Going beyond instruction, community schools serve as ‘hubs in the community’

Selena Davis, left, 8, and Mariah Long, right, 7, play in the mini-diner that is part of the Lilliput Play Homes in the library at Duquesne K-8, on Dec. 12, 2023. (Photo by Stephanie Strasburg/PublicSource)

Community schools around Pittsburgh work to reduce violence, fight food insecurity and support student mental health.

by Lajja Mistry and Tanya Babbar, PublicSource

Every Friday, at 1:53 p.m., Sha’Ron Kennedy helps his classmates at Pittsburgh Public Schools’ Langley K-8 prepare bags filled with food. First, he slips in some instant noodles, and then he adds green beans, corn and tomato sauce. Sometimes he also adds breakfast oatmeal and fruit. 

Once all bags are prepared, Kennedy leads the students to different classrooms. 

At each class, they knock on the door saying, “Blessings in a backpack!” then deliver the bags to other students. 

Kennedy is a seventh-grader in Langley’s autistic support class where he volunteers to work in the school’s Blessings in a Backpack program. The program is part of Langley’s community school model, providing food for students experiencing food insecurity. 

A kid standing in front of a room full of food.
Seventh grader Sha’Ron Kennedy demonstrates packing food for the “Blessings in a Backpack” program that provides food for students experiencing food insecurity at Pittsburgh Public Schools Langley K-8 on Nov. 30, in Sheraden. (Photo by Stephanie Strasburg/PublicSource)

PPS Langley is one of nine schools in the district that are designated as community schools. Unlike traditional neighborhood public schools, the community public school model focuses on providing services that support the neighborhood’s needs by involving parents and other community members. They often partner with local businesses and organizations and have an integrated focus on learning opportunities, health and fulfilling basic needs.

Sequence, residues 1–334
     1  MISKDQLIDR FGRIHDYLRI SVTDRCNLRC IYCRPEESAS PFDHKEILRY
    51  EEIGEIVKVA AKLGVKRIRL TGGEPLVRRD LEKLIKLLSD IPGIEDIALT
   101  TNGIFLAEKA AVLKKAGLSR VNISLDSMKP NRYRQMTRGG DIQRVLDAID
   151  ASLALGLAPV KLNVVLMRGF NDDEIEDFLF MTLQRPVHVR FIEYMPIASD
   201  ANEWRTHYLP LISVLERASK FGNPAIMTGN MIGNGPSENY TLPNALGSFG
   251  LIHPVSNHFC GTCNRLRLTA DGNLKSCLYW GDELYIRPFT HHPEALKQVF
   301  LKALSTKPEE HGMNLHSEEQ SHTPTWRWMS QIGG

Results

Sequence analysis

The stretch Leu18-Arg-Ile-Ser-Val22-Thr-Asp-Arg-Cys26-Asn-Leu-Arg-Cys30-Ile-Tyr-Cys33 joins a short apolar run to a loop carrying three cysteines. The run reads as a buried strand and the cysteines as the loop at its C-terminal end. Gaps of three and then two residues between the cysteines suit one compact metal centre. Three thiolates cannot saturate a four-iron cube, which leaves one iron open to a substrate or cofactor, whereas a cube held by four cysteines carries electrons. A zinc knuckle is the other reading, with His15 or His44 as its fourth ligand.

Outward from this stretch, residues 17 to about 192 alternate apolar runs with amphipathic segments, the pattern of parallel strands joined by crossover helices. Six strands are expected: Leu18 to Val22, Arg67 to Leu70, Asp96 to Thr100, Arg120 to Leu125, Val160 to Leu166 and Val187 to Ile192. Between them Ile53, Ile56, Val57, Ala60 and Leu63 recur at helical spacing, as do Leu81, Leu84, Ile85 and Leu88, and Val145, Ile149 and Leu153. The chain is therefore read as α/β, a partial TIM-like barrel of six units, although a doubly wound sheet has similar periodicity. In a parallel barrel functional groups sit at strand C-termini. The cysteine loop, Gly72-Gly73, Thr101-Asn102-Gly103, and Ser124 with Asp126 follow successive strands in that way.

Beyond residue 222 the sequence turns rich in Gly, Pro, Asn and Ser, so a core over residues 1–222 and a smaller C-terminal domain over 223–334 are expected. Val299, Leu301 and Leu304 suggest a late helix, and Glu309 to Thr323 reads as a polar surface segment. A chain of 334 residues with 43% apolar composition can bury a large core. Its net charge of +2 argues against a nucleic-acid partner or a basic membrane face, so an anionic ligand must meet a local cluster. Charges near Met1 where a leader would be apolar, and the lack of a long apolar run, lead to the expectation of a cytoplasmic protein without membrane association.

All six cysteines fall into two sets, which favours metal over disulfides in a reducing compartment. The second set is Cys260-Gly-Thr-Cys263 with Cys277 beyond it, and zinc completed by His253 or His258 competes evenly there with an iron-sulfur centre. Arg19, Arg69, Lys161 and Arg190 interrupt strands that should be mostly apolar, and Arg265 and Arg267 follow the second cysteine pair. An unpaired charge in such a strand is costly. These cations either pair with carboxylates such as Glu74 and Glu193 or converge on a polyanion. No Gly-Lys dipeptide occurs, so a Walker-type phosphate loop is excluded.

The pandemic reinforced the importance of community schools, when schools needed to meet a range of needs outside the classroom. The Coalition for Community Schools estimates there are about 5,000 community schools in the country. 

Students run through the tiny town made of Lilliput Play Homes in the library at Duquesne K-8, on Dec. 12, in the city of Duquesne. The town features a child-sized veterinarian office, gym, bookstore, trolley and other Main Street mainstays in which students and library visitors can engage in dramatic play. (Photo by Stephanie Strasburg/PublicSource)

Outside the city, Communities in Schools of Pittsburgh-Allegheny County [CISPAC] is helping districts build community schools across the region. Last year, they began implementing the full-service community school model across eight school districts in Allegheny County. 

Community schools across Pittsburgh serve as hubs of the neighborhoods in which they operate. Many go far beyond delivering instruction and offer resources such as food, clothing and after-school programs with a focus on mental health and reducing violence in the community. 

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